Inadequate state oil and gas regulations threaten groundwater resources, study finds
Inconsistent or vague definitions of “protected groundwater” in 17 state oil and gas reg’s leave the nation’s water supply vulnerable to contamination from oil and gas production.
Definitions of “protected groundwater” in 17 state oil and gas regulations are inconsistent and in many cases less protective than federal regulations used by the U.S. Environmental Protection Agency (EPA) and the U.S. Bureau of Land Management (BLM), according to a study published Friday, March, 2, 2018 in Current Opinion in Environmental Science & Health. The findings demonstrate that the nation’s water supply is vulnerable to contamination from oil and gas production and wastewater disposal despite federal protections for groundwater, according to the study led by PSE Healthy Energy, an Oakland, California-based energy research institute.
Because of an exemption in the Safe Drinking Water Act, states are not required to protect groundwater to federal standards during hydraulic fracturing. Thus, individual state definitions for protected groundwater determine how water resources are safeguarded during hydraulic fracturing.
Groundwater is vulnerable to contamination from chemicals used in oil and gas production through several pathways. During hydraulic fracturing operations, stimulation fluids — mixes of chemicals that often include toxins and carcinogens — can be injected into or near geological formations that contain groundwater for potential current and future use as water supply. Stimulation fluids can also reach the water supply through cracks or wear in casings or cement that contain production chemicals within the well.
The researchers recommend that criteria defined by the EPA for an Underground Source of Drinking Water (USDW) — including, for example, salinity levels in brackish (slightly salty) water — be consistently used to define protected groundwater in state oil and gas regulations.
“Continued unconventional oil and gas development directly in and below formations containing groundwater resources highlights the need for all states to protect groundwater to a single, federally defined standard,” said Dominic DiGiulio, a PSE senior research scientist and lead author on the study. “Lax definitions result in lax protections. Protecting groundwater resources is vital for the U.S. economy and the wellbeing of our citizens, especially with increasing demand and climate change impacts such as sustained droughts,” said DiGiulio, who worked on hydraulic fracturing and other issues at the EPA for 31 years.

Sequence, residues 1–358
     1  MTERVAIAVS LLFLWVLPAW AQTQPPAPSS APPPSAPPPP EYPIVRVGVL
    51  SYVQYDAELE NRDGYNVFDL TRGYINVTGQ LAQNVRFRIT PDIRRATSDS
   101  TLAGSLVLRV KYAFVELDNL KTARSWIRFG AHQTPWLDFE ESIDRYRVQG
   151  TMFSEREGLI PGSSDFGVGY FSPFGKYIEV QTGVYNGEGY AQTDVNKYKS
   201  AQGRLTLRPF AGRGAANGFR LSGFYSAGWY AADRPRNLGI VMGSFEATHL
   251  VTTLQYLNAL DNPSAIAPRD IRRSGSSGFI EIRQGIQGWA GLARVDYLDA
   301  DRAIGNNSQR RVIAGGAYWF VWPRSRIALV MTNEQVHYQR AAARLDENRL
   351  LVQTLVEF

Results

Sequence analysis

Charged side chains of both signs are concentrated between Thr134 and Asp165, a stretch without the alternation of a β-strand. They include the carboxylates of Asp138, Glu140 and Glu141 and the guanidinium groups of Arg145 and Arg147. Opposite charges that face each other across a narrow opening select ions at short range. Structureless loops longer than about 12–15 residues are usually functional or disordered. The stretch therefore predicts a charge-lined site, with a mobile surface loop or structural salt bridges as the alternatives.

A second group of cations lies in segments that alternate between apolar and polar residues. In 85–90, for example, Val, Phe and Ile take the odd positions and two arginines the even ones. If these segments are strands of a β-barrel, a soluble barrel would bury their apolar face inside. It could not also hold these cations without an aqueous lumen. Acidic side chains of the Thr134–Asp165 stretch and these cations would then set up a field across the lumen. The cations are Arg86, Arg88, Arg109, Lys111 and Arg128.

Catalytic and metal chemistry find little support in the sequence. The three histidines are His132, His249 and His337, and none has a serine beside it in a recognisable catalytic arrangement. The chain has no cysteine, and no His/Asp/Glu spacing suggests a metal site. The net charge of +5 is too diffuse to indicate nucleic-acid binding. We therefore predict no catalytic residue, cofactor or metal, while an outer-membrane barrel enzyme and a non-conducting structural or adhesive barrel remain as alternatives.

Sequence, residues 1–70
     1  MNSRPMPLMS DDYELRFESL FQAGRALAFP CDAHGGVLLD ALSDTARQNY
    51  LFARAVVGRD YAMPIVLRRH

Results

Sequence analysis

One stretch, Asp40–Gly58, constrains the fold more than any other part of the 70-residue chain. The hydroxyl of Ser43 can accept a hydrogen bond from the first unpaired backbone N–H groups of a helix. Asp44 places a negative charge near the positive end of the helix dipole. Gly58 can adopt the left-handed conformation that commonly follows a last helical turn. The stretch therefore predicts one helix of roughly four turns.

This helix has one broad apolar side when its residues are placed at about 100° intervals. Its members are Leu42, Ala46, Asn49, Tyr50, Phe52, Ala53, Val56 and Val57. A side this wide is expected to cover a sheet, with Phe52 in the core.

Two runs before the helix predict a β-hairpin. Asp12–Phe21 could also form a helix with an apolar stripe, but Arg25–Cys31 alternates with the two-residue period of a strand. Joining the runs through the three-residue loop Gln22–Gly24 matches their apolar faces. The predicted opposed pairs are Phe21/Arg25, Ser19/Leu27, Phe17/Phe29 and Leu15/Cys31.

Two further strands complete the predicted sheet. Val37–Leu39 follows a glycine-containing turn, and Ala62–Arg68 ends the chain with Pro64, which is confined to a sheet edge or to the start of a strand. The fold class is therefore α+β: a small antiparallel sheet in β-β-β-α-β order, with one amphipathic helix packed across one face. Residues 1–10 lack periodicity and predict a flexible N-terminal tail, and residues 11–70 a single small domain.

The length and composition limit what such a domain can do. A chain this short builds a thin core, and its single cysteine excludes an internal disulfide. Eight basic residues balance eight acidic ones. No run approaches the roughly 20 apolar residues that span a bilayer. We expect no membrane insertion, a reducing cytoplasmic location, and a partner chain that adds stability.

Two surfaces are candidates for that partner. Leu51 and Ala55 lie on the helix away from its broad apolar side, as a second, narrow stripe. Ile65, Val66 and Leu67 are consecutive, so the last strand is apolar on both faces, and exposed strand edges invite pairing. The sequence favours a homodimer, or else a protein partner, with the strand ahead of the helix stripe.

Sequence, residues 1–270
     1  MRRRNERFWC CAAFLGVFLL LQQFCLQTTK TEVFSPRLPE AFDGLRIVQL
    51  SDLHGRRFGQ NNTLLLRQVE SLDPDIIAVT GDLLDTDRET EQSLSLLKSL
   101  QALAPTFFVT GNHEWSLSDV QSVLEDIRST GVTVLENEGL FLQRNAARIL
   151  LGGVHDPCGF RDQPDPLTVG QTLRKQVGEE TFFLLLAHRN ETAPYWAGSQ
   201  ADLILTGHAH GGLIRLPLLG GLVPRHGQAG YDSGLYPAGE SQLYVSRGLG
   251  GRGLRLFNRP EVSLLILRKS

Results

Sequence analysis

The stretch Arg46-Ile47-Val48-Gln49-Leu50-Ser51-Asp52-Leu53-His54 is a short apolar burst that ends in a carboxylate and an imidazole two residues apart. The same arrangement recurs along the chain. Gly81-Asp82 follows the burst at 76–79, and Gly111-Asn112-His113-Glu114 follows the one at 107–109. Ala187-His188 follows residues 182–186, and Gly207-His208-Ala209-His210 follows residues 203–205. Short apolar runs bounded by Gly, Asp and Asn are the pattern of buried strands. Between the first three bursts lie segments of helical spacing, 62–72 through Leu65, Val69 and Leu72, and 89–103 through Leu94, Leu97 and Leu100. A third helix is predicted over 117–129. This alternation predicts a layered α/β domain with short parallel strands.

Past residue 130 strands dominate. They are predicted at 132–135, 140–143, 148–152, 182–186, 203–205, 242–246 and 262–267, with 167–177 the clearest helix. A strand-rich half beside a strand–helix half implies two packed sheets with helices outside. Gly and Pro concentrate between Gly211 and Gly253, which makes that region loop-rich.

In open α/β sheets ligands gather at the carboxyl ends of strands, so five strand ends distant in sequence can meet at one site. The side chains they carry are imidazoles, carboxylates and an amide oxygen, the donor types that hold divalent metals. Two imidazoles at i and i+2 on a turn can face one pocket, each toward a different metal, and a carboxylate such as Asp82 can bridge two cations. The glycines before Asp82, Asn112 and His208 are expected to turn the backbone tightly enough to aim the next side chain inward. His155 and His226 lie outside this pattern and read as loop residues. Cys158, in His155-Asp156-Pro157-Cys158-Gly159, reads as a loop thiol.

Because of increased water demand, sustained droughts, and reduction in cost to desalinate water, brackish groundwater is increasingly being used for the water supply, including for drinking, food-crop irrigation and household uses. Inadequate standards leave brackish groundwater resources more vulnerable to contamination during oil and gas production, the researchers say.
“Degrading brackish aquifers decreases water security and increases risk of people being exposed to waterborne contaminants now and into the future,” said Seth Shonkoff, a visiting scholar at the University of California, Berkeley, who is PSE’s executive director and a co-author of the study, titled “The need to protect fresh and brackish groundwater resources during unconventional oil and gas development.”
EXISTING STANDARDS AND PRACTICES
Due to the large variations in language and defining criteria, many state oil and gas regulations cannot be assumed to protect USDWs. For example:
- In Alabama and New Mexico, protection of USDWs appears discretionary through use of terms such as “reasonable” potential for use.
- In Montana, West Virginia and Wyoming, protection of groundwater is explicitly removed during oil and gas development.
- In Louisiana and North Dakota, undefined terms such as “freshwater” are used to define protected groundwater.
- In Colorado and Texas, protection of USDWs depends on the location of the oil and gas field.
- California requires monitoring of USDWs during hydraulic fracturing but, in an apparent contradiction, defines protected groundwater at a lesser standard than USDWs.
Definitions for protected groundwater during unconventional oil and gas development appear to be equivalent to criteria for USDWs in five states, the study found: Kansas, Mississippi, Oklahoma, South Dakota, and Utah. However, researchers say that despite these definitions, production well and water data indicate that oil and gas development nevertheless occurred in formations containing USDWs in those states.
The oil and gas industry has best practices for protecting ground water. For example, The American Petroleum Institute recommends protection of USDWs during hydraulic fracturing. However, industry recommendations are not binding, and researchers found no evidence that the recommendations are followed consistently by all companies and in all situations.
“We need to apply clear and consistent scientific criteria to regulations to ensure that all Americans have access to a clean water supply regardless of which state they live in,” said study co-author Robert B. Jackson, the Michelle and Kevin Douglas Provostial Professor at Stanford University, and a senior fellow at Stanford’s Woods Institute for the Environment and Precourt Institute for Energy.
The researchers plan to expand their analysis of groundwater protection criteria to other oil and gas producing states.